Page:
TWO firms have been ordered to pay £115,000 in fines and legal costs after a South Yorkshire factory worker was dragged through a five-inch gap by a heavy machine.
Dad-of-one Matthew Lowe, aged 23 at the time, suffered a broken back, pelvis, both hips and ribs and his stomach and bowel were ruptured in the accident at Barnsley firm Compass Engineering Ltd.
Compass, based in Barugh Green, exposed Mr Lowe to a ‘foreseeable risk of serious injury’ when it failed to erect a safety guard around the machine, Sheffield Crown Court heard. Kaltenbach Ltd, the company which built and installed the machine, was also at fault, the court heard.
Mr Lowe, now aged 26, said it was only the thought of his young daughter Evie that kept him going through the horrific ordeal.
Speaking outside court, Mr Lowe, of Coltfield, Birdwell, said: “If it wasn’t for my daughter and my partner Kim I probably wouldn’t be standing here today.
“When I was lying on the ground I just thought, I’ve got to get through this, my daughter can’t grow up without a dad.”
He added: “Too many people are needlessly killed and injured in accidents at work.
“If hearing my story makes employers think twice about safety and about the daily risks they face in the work place, then I’ll be happy.”
Mr Lowe was learning how to use the machine, which cut and drilled heavy steel beams, when the accident happened in December 2008.
Samuel Green, prosecuting for the Health and Safety Executive, told the court: “If guarding had been installed the accident would not have happened.
“The prosecution say by failing to take the most basic and elementary precautions to erect a fence, Compass exposed its employees to a foreseeable risk of serious injury.”
Mr Green said the machine dragged beams from a yard into the factory, where they were automatically measured for cutting and drilling.
He said Mr Lowe leant over to look through a gap between the machine and the factory wall, to check that a beam was properly connected.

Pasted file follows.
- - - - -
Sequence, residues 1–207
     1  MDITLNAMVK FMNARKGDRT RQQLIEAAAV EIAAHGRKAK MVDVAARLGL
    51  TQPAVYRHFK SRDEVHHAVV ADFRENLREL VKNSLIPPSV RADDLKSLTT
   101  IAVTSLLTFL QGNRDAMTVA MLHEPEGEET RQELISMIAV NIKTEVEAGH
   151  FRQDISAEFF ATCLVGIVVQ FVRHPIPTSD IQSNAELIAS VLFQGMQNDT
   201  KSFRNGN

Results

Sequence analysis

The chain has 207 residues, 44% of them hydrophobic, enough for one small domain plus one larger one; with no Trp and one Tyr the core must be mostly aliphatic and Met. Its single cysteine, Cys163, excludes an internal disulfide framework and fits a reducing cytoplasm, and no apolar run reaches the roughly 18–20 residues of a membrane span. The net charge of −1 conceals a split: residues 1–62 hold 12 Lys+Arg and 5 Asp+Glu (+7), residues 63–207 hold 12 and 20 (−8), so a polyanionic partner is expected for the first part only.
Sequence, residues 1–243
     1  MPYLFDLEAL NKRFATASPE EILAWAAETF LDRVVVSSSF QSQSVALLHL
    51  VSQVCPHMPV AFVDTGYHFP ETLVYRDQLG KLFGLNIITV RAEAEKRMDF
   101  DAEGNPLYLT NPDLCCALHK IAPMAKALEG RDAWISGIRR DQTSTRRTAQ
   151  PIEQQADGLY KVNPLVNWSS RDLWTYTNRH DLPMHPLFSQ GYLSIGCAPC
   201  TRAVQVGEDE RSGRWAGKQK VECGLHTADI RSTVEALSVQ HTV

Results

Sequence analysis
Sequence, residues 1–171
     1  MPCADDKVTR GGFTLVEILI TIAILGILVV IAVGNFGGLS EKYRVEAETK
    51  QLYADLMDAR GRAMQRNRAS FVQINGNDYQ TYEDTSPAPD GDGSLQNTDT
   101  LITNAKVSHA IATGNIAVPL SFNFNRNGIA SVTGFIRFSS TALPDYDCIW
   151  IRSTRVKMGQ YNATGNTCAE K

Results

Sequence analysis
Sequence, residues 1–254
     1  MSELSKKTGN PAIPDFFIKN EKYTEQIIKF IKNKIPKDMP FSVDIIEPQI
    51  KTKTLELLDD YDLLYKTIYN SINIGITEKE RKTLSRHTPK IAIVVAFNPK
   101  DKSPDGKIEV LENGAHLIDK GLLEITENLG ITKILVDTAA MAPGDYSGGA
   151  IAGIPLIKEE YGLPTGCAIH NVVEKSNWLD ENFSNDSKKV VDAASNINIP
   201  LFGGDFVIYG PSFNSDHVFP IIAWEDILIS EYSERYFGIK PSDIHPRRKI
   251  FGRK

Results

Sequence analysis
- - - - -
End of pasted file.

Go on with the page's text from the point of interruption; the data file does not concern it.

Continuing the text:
As he looked through the gap the trainee did not see a part of the machine moving behind his back.
Mr Green said: “He did not see the measuring head moving back to its home position in the yard.
“It struck Mr Lowe on the back. He was pushed at first, then dragged through the five-inch gap as the measuring head continued its slow but relentless way through the gap.”
He said Mr Lowe underwent an emergency operation that day, before further surgery and rehabilitation lasting months.
Mr Green said Compass breached health and safety laws because it failed to put in place a guard. The manufacturer, Bedford-based Kaltenbach, was at fault because it signed off a safety certificate for the machinery without the barriers in place.
James Ageros, representing Kaltenbach, said the firm was guilty of an ‘error of judgement’ after it agreed Compass could install its own safety barriers.
Compass’s barrister Julian Goose said the rails had not been installed because of ‘an oversight’. He said the firm had paid Mr Lowe’s wages throughout his treatment and re-employed him as a site supervisor.
Judge Robert Moore, sentencing, said: “This was a very foreseeable accident and it was only a matter of time before something like it happened. There was an inadequate design with inadequate guarding.”
Compass was ordered to pay a £45,000 fine plus £24,000 in costs, while Kaltenbach was fined £30,000 with £16,000 in costs.